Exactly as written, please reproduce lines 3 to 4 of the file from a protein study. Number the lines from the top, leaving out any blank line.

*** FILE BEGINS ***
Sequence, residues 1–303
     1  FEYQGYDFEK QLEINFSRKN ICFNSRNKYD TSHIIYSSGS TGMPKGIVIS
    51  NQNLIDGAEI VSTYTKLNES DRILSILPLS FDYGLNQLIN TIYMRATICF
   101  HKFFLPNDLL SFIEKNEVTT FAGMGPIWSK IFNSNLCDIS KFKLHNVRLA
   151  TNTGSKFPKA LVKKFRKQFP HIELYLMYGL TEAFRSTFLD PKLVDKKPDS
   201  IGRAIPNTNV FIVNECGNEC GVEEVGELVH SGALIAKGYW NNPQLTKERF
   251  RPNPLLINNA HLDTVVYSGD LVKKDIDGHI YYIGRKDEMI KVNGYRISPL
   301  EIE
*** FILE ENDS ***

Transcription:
    51  NQNLIDGAEI VSTYTKLNES DRILSILPLS FDYGLNQLIN TIYMRATICF
   101  HKFFLPNDLL SFIEKNEVTT FAGMGPIWSK IFNSNLCDIS KFKLHNVRLA